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Int J Cancer. 2009 Dec 15;125(12):2863-70. doi: 10.1002/ijc.24748.

Akt-mediated regulation of NFkappaB and the essentialness of NFkappaB for the oncogenicity of PI3K and Akt.

Author information

1
The Scripps Research Institute, Department of Molecular and Experimental Medicine, 10550 N. Torrey Pines Road, La Jolla, CA 92037, USA.

Abstract

The serine/threonine kinase Akt (cellular homolog of murine thymoma virus akt8 oncogene), also known as PKB (protein kinase B), is activated by lipid products of phosphatidylinositol 3-kinase (PI3K). Akt phosphorylates numerous protein targets that control cell survival, proliferation and motility. Previous studies suggest that Akt regulates transcriptional activity of the nuclear factor-kappaB (NFkappaB) by inducing phosphorylation and subsequent degradation of inhibitor of kappaB (IkappaB). We show here that NFkappaB-driven transcription increases in chicken embryonic fibroblasts (CEF) transformed by myristylated Akt (myrAkt). Accordingly, both a dominant negative mutant of Akt and Akt inhibitors repress NFkappaB-dependent transcription. The degradation of the IkappaB protein is strongly enhanced in Akt-transformed cells, and the loss of NFkappaB activity by introduction of a super-repressor of NFkappaB, IkappaBSR, interferes with PI3K- and Akt-induced oncogenic transformation of CEF. The phosphorylation of the p65 subunit of NFkappaB at serine 534 is also upregulated in Akt-transformed cells. Our data suggest that the stimulation of NFkappaB by Akt is dependent on the phosphorylation of p65 at S534, mediated by IKK (IkappaB kinase) alpha and beta. Akt phosphorylates IKKalpha on T23, and this phosphorylation event is a prerequisite for the phosphorylation of p65 at S534 by IKKalpha and beta. Our results demonstrate two separate functions of the IKK complex in NFkappaB activation in cells with constitutive Akt activity: the phosphorylation and consequent degradation of IkappaB and the phosphorylation of p65. The data further support the conclusion that NFkappaB activity is essential for PI3K- and Akt-induced oncogenic transformation.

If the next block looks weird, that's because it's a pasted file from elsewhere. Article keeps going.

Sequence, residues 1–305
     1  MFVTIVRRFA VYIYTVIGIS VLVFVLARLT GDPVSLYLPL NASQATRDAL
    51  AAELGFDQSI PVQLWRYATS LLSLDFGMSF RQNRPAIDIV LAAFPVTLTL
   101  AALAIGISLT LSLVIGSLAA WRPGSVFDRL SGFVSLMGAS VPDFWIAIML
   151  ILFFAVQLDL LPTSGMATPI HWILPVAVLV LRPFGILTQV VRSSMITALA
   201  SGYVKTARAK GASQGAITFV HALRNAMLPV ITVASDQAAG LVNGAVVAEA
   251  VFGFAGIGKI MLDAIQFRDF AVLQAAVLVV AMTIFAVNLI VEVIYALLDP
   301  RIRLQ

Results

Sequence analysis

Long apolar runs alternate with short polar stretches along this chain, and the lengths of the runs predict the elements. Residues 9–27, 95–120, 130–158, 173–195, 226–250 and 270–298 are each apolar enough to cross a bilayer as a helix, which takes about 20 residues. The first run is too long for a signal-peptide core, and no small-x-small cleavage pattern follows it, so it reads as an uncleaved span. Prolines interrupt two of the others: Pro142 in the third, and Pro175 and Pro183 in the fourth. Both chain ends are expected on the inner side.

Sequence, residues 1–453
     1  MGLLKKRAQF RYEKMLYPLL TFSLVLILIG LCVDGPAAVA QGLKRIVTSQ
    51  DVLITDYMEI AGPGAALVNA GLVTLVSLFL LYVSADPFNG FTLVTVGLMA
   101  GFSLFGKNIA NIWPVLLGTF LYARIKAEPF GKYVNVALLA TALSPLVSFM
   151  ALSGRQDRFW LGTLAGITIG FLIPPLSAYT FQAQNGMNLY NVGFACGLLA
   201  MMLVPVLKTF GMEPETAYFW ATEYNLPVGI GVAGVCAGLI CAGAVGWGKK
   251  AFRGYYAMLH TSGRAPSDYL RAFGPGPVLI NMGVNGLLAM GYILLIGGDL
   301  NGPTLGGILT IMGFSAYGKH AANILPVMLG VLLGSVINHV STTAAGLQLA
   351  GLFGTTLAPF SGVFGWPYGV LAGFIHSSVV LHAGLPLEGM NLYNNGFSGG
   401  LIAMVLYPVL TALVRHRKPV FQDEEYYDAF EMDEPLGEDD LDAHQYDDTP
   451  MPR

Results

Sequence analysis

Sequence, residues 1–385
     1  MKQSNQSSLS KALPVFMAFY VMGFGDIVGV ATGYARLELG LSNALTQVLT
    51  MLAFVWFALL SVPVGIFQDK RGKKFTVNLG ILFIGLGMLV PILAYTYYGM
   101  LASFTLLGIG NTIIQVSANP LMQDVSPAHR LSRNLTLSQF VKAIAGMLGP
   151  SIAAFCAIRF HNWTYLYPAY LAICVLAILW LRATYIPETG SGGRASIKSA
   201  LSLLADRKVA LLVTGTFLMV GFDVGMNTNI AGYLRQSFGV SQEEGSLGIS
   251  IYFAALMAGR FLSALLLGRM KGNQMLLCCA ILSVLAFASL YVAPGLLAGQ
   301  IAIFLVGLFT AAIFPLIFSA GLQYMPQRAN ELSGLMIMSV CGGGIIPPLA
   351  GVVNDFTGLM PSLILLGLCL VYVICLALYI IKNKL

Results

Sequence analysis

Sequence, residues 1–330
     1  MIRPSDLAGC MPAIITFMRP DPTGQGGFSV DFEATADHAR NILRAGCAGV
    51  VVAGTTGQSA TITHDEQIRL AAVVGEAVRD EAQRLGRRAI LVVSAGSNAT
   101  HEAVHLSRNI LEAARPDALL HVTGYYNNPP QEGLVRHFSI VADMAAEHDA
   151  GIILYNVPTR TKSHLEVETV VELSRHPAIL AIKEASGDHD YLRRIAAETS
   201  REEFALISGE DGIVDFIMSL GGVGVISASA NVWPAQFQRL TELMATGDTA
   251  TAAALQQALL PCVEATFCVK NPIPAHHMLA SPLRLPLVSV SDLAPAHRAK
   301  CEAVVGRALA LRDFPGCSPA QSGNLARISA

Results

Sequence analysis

PMID:
19609947
PMCID:
PMC2767458
DOI:
10.1002/ijc.24748
[Indexed for MEDLINE]
Free PMC Article

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